Codes and standards are regularly updated for the constantly evolving solar and storage industries. Sean White and Bill Brooks recently updated their advanced codes courses on HeatSpring to include information on UL 61730 and UL 3741. Here’s some information on the new standards. 

UL 61730 – PV Module Safety Standards

UL 61730 is the new PV module UL listing. This new standard is based on the International Electrotechnical Commission (IEC) standard 61730. Note that there is always a 6 in IEC standards. 

The standard actually started in the United States, went to Europe, was adopted there and then came back to the United States. It was based largely on UL 1703 originally, then was modified for the European market. In an attempt to have an international standard that would work everywhere, including the United States, it was essentially brought back and implemented here. Luckily for solar manufacturers, there isn’t a need to double test everything via CE and UL.

If a company launches new products after December 4th, 2019, then they would have to test to the new UL Standard, UL 61730, as opposed to UL 1703. That’s essentially the date where new products have to meet the new requirements. A company could continue to build a product that was built to the UL 1703 standard indefinitely, but they couldn’t make changes.

Bill Brooks is on the UL 1703 Standards Technical Panel, which covers all the standards related directly to PV modules. 

UL 3741 – PV Hazard Control aka Rapid Shutdown Listing

In the NEC, there are 3 ways to comply with the 690.12 Rapid Shutdown requirements within the array. 

  1. 690.12(B)(2)(1) is UL 3741 (relatively new and what this article is about)
  2. 690.12(B)(2)(1) is 80V after shutdown, which is the way we most often do it and is often referred to as module level shutdown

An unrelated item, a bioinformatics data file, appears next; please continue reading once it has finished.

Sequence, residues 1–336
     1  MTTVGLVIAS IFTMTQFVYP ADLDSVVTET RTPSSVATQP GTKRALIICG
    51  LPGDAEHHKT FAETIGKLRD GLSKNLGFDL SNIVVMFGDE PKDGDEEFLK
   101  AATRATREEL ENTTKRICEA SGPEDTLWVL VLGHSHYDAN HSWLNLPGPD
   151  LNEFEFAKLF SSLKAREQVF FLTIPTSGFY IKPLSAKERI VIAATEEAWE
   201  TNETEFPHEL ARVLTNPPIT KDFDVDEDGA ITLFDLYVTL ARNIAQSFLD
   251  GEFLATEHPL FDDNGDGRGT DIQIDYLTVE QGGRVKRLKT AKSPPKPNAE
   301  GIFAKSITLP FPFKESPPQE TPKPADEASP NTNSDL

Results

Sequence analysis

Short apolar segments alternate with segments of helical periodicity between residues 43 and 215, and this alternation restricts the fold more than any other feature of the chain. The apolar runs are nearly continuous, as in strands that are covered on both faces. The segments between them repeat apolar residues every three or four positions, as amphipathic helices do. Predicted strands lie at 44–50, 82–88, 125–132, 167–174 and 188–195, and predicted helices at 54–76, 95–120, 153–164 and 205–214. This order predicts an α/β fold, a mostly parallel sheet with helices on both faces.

3. 690.12(B)(2)(3) which requires no metal parts or exposed wiring methods and was developed with Building Integrated PV (BIPV) in mind.

UL 3741 is called PV Hazard Control. It was included in the text of the 2017 NEC, but the UL Standard was not developed until December 8th, 2020. There were never any products listed and available to the public until recently. Now, there is an alternative to module level shutdown, besides the barely used BIPV method.

There are several products already listed and certified to this PV hazard control standard. Tesla was likely the first, however since Tesla products are not available for the public to install, it is probably listed Top Secret and held by the FBI;). They really needed this certification for their power roof product. It is difficult to comply with the BIPV method and the BIPV method is probably not going to be included in the 2023 NEC.

After the NEC 2023 comes out, there will likely be two options: the UL 3741 option, which is very new within the industry – and the 80 volt option says that within 30 seconds of rapid shutdown, the array can have no parts of it that are above 80 volts (in most cases at the module level).

Depending on how the system is put together, there’s a variety of ways of meeting the UL 3741 requirements. If you are using a product that’s UL 3741 listed, then it’s going to include all the information of how it has to go together in order to achieve that listing, including any electronics. Enter mid circuit interrupters or MCIs. Instead of being on every module, mid circuit interrupters might be on every other module, every third module, or every fourth module. It depends on the voltage. 

Major manufacturers of products will likely all go to UL 3741 as a compliance option. There are  financial benefits for these higher voltage compliance options, as opposed to the 80 volt rapid shutdown.

In summary, mid circuit interrupters are going to become commonplace. It’ll be UL 3741 that will define how much voltage you can place on each mid circuit interrupter. If you want to take advantage of higher voltages, then UL 3741 is your friend. Mid circuit interrupters will have their benefits for using primarily string inverters, but it doesn’t mean that they’re going to blow away the DC converter market or the microinverter market, which still together make up 80% of the residential market.

Stay tuned for the next article in this series where we talk about the UL 3741 products that just came out and surprisingly allow 1000V within the array after shutdown!